A COMPARATIVE STUDY OF EFFICACY AND TOLERABILITY OF SERTRALINE AND MIRTAZAPINE IN ACUTE TREATMENT OF MAJOR DEPRESSIVE DISORDER
Background: Mirtazapine is the newer noradrenergicand serotonergic antidepressant (NaSSA) and it has demonstrated efficacy that is significantly superior to placebo and other older antidepressants. The specific pharmacological profile of Mirtazapine lead to its lack of serotonergic side effects and faster onset of effect of antidepressants action that has been demonstrated in studies done in western countries.
Aim: The aim of the study was to compare efficacy and tolerability of Sertraline and Mirtazapine in acute treatment of major depression in Nepalese population.
Method: Patients with a major depressive episode according to ICD-10 DCR, were randomly assigned to either Mirtazapine (N=30, 15-45mg/day) or Sertraline (N=30, 50-150mg/day). Efficacy was evaluated by HAMD and CGI scale and UKU side effect rating scale was used for any noted adverse effects. Patients were followed up at 2, 4 and 6 week for assessment.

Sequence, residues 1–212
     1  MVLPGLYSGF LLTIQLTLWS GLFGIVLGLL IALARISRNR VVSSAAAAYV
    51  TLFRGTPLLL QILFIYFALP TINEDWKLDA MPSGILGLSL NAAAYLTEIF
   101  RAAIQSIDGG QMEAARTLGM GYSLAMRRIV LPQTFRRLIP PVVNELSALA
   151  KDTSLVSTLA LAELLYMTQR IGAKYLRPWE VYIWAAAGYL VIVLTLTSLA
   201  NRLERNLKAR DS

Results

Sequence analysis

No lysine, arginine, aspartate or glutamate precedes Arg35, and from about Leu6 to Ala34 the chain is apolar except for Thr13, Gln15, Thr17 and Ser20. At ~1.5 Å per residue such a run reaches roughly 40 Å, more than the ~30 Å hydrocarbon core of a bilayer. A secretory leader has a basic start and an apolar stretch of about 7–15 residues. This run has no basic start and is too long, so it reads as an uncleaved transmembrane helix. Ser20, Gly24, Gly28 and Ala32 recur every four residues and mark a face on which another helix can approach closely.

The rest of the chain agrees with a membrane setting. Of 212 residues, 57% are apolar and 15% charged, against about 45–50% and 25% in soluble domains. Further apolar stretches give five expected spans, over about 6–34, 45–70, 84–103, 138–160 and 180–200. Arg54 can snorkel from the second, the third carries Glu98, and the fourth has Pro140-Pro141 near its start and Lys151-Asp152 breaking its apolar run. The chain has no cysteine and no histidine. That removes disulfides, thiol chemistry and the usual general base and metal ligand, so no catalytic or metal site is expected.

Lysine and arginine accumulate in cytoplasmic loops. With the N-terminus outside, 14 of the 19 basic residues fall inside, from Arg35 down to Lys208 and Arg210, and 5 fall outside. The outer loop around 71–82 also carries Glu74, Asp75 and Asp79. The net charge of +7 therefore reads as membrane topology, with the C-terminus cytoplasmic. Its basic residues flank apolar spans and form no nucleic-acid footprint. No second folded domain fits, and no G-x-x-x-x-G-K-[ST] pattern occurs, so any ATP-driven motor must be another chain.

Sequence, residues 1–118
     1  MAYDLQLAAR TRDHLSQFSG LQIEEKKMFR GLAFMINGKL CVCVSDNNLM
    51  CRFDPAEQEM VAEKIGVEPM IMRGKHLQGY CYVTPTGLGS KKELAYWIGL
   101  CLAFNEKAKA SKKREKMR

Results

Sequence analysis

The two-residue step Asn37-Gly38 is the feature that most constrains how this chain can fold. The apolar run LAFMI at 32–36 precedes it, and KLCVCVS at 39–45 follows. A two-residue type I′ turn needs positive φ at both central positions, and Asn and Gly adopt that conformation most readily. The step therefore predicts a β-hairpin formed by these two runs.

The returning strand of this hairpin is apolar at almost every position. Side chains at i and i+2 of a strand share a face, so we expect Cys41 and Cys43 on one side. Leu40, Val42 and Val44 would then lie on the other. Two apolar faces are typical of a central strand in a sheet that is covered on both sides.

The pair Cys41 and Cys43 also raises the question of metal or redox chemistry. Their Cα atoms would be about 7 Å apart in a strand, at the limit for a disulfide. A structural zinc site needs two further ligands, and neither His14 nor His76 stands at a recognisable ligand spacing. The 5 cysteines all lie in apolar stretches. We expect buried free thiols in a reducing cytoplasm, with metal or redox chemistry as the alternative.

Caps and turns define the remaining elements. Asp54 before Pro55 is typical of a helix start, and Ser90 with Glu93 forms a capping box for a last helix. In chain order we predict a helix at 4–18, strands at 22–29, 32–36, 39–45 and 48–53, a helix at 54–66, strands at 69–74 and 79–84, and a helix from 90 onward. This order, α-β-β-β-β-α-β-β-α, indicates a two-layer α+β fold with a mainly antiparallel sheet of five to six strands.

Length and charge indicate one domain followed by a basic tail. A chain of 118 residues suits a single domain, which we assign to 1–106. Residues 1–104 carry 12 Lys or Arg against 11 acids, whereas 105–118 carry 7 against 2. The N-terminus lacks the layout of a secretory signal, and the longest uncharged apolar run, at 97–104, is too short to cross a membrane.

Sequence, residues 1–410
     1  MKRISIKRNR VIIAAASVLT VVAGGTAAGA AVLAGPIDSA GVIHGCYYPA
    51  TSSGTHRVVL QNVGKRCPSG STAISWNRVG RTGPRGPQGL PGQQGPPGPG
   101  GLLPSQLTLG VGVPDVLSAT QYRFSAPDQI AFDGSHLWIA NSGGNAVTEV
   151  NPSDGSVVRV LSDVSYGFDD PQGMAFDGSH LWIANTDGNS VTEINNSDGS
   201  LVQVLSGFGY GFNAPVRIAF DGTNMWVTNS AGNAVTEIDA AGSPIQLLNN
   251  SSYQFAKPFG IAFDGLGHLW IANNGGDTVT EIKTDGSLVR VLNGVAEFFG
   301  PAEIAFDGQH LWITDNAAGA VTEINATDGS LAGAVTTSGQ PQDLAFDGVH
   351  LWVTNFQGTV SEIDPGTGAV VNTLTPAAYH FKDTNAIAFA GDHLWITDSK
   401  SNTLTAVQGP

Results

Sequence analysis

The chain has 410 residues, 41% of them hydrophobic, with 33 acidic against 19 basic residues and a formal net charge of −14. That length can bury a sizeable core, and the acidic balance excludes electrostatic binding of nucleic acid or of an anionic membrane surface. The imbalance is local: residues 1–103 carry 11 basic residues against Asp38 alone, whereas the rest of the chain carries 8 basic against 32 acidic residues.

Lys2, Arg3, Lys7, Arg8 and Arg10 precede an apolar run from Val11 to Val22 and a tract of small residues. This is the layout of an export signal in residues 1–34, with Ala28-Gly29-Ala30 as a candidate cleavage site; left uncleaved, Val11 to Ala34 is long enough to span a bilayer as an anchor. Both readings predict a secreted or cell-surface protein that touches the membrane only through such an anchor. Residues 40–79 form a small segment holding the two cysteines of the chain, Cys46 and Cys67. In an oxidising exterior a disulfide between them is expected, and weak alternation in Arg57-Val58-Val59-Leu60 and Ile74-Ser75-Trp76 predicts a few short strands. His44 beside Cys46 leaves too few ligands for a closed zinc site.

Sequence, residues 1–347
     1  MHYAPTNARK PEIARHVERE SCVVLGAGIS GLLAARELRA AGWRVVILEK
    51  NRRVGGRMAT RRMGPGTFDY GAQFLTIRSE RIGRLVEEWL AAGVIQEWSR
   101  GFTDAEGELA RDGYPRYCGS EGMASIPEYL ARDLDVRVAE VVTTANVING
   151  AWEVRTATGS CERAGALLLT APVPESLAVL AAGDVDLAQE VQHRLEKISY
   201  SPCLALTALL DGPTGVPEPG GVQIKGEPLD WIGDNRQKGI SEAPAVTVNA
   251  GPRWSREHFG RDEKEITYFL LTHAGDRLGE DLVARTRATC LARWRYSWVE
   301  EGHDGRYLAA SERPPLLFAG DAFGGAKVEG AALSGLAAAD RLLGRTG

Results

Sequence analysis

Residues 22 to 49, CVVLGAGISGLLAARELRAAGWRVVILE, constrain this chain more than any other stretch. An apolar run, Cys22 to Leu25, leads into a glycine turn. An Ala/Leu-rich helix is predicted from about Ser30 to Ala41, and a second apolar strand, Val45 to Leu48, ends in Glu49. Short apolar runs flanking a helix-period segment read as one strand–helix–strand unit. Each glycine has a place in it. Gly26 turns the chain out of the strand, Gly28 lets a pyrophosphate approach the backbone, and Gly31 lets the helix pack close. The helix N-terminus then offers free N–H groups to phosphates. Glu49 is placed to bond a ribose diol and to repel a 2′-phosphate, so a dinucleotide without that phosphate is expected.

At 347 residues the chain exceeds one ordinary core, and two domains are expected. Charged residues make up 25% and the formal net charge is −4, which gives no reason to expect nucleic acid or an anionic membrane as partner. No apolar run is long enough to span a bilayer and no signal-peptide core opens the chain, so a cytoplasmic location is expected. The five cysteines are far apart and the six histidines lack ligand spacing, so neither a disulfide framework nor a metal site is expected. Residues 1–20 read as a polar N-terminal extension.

Results: The mean absolute change from baseline in HAMD score showed that Mirtazapine was significantly more effective than Sertraline at assessment during 2 (p =0.00) and 4 (p=0.001) weeks of the study, after which there was no statistically significant differences in efficacy (p=0.764).There was statistically significant reduction in CGI- mean severity of illness rating scale score at 2 week ( p= 0.024) in Mirtazapine treated patients compared to Sertraline treated patients after which mean reduction of score was similar in both group. Both treatments were well tolerated. Tension (57.6%) , palpitation / tachycardia (26.9%), sexual dysfunction (22.9%) were more frequent in Sertraline group compared to nausea / vomiting (26.9%), sleepiness / sedation (23.0%), increased duration of sleep (23.0%) in Mirtazapine group.
Conclusion: Mirtazapine was well tolerated and was equally effective as Sertraline in reducing depressive symptoms. However,Mirtazapine was significantly more effective than Sertraline after 2 and 4 week of treatment. The findings need to be confirmed with other large scale studies.
Author: Dr. Sudina Dahal